While it is clear that some assets(such as Gold, Silver and Oil) do better than others during inflation, it should also be noted that they are not long term hedges againt inflation and hence timing of entering and exiting these markets are key and is what Millenial Gold emphasises as part of a good Gold investment thesis.
As another more direct illustration is the relation between the monetary base of the US (amount of money in the US) and gold (a safe asset). Between September 2008 and September 2014 ( a period of declining economic activity) when the US Monetary base saw a sharp increase from $909 billion dollars to $4,049 billion dollars and we saw gold increase from Gold $941 per troy ounce to to $1,241.33 per troy ounce
Since March 2020 we have seen an increase in Monetary base from 3,454 billion dollars to 5,000 billion dollars and are beginning to see the corresponding rally in the Gold.
The Search for Yield:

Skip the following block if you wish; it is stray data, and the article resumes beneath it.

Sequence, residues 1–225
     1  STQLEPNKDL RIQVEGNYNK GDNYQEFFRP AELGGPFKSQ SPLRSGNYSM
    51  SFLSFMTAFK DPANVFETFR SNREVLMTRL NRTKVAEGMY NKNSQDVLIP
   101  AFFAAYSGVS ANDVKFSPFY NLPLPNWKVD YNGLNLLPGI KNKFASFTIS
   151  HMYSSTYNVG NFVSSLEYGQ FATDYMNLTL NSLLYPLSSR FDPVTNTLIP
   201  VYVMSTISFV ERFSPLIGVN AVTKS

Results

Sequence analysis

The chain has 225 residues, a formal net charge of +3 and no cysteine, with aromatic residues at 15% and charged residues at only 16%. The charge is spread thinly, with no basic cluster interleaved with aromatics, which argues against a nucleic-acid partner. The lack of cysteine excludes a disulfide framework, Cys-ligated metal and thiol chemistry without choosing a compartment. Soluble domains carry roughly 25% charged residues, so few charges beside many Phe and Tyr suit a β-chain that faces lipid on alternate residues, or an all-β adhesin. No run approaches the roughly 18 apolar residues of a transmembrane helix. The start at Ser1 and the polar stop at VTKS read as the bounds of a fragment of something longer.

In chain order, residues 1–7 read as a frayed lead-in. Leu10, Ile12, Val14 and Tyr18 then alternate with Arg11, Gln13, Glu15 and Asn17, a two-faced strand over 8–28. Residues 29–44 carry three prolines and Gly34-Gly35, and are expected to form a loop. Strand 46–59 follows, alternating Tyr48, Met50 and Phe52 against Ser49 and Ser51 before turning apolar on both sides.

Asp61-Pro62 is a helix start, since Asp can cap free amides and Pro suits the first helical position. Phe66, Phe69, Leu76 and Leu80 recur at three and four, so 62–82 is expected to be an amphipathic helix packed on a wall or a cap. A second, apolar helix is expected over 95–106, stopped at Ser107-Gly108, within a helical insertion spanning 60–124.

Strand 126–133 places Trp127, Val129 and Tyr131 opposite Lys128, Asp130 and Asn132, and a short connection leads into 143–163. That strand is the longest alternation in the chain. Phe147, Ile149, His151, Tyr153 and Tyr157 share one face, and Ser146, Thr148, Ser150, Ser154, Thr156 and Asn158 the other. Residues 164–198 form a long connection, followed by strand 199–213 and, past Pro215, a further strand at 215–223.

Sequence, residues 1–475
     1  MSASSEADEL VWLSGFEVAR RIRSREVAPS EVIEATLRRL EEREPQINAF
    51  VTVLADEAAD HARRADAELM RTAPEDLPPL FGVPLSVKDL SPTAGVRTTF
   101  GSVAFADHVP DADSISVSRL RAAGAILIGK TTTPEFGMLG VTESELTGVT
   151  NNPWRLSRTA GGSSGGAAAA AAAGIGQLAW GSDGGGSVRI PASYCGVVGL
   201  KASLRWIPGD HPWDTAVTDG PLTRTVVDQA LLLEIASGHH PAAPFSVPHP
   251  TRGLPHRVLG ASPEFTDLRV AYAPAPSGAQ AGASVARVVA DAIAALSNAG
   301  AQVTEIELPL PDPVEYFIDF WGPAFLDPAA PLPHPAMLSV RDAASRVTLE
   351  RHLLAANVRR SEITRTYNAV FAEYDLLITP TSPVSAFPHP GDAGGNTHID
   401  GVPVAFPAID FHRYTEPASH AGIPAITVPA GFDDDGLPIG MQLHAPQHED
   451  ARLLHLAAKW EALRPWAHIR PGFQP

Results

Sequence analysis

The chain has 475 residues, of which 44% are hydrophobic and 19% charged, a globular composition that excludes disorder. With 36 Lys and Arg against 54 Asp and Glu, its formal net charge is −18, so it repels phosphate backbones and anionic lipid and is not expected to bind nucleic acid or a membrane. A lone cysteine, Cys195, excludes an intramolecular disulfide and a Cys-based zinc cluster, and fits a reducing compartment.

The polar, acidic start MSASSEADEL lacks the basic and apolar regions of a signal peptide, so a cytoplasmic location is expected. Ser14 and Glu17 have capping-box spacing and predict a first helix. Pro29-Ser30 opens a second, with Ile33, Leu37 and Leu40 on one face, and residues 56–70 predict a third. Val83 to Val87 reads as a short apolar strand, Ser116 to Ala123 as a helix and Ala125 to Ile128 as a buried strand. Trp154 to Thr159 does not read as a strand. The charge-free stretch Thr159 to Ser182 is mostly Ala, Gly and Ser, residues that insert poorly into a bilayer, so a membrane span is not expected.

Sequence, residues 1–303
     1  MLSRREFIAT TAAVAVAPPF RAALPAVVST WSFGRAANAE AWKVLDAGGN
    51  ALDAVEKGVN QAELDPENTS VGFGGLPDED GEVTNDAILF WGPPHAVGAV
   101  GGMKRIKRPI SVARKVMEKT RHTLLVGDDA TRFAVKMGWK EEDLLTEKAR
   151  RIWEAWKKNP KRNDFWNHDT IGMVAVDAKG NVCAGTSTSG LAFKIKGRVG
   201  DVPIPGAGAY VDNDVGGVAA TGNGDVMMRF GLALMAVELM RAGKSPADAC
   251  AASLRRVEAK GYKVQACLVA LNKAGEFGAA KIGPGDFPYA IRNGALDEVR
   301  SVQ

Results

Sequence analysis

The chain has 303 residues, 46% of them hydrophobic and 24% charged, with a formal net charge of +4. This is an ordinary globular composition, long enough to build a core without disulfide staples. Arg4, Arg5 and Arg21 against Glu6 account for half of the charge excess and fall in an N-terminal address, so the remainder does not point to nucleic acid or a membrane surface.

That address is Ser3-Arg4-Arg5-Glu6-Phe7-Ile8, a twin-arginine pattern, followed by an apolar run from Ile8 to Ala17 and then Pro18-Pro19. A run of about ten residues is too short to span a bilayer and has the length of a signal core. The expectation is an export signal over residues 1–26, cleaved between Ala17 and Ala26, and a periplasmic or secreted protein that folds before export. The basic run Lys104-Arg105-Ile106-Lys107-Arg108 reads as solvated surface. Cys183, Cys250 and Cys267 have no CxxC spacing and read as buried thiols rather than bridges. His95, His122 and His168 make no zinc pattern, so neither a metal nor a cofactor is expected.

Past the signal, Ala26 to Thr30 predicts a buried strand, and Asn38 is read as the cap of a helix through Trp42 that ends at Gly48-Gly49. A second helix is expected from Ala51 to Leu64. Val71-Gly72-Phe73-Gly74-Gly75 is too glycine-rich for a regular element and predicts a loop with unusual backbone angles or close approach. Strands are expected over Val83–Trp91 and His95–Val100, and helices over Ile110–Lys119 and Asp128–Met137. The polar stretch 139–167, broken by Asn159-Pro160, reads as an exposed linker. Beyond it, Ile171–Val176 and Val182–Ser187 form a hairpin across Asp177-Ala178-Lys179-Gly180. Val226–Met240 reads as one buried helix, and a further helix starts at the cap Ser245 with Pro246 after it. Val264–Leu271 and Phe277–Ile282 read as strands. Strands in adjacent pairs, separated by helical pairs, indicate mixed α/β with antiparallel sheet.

The price of assets goes up and down based on how much money flows in and out of this particular asset class(buying v sellin). As seen from history, as the world economy goes into a recession, investors no longer find stocks as a good investment and hence put money into ‘safer’ assets such as US Treasury bonds (backed by the US Goverment) and gold, this flock of investors toward toward safer assets, inturn results in the appreication of the safe asset’s price, which makes the safe heaven a pretty good investment. However, it should be noted that this relation works in reverse too, that as the economy goes out of recession, investors will find stocks that they want to invest in and will hence take their money out of safe assets which drop in price.